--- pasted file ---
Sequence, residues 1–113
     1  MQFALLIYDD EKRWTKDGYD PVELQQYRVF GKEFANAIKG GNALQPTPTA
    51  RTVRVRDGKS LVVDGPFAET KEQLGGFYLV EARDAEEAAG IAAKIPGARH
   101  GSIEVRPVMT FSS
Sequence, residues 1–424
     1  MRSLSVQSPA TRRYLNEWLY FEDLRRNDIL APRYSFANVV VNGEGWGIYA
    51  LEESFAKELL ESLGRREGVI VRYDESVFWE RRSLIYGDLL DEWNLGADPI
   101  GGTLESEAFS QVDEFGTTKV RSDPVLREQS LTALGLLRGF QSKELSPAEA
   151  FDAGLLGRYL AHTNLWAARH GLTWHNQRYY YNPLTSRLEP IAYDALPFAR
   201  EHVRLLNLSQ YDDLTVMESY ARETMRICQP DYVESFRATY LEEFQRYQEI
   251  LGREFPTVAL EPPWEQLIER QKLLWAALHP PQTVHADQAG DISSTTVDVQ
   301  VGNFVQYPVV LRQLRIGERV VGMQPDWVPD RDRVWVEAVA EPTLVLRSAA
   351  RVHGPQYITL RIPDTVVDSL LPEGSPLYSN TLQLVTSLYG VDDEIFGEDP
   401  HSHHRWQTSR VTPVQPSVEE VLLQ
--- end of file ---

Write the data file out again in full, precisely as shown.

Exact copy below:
Sequence, residues 1–113
     1  MQFALLIYDD EKRWTKDGYD PVELQQYRVF GKEFANAIKG GNALQPTPTA
    51  RTVRVRDGKS LVVDGPFAET KEQLGGFYLV EARDAEEAAG IAAKIPGARH
   101  GSIEVRPVMT FSS
Sequence, residues 1–424
     1  MRSLSVQSPA TRRYLNEWLY FEDLRRNDIL APRYSFANVV VNGEGWGIYA
    51  LEESFAKELL ESLGRREGVI VRYDESVFWE RRSLIYGDLL DEWNLGADPI
   101  GGTLESEAFS QVDEFGTTKV RSDPVLREQS LTALGLLRGF QSKELSPAEA
   151  FDAGLLGRYL AHTNLWAARH GLTWHNQRYY YNPLTSRLEP IAYDALPFAR
   201  EHVRLLNLSQ YDDLTVMESY ARETMRICQP DYVESFRATY LEEFQRYQEI
   251  LGREFPTVAL EPPWEQLIER QKLLWAALHP PQTVHADQAG DISSTTVDVQ
   301  VGNFVQYPVV LRQLRIGERV VGMQPDWVPD RDRVWVEAVA EPTLVLRSAA
   351  RVHGPQYITL RIPDTVVDSL LPEGSPLYSN TLQLVTSLYG VDDEIFGEDP
   401  HSHHRWQTSR VTPVQPSVEE VLLQ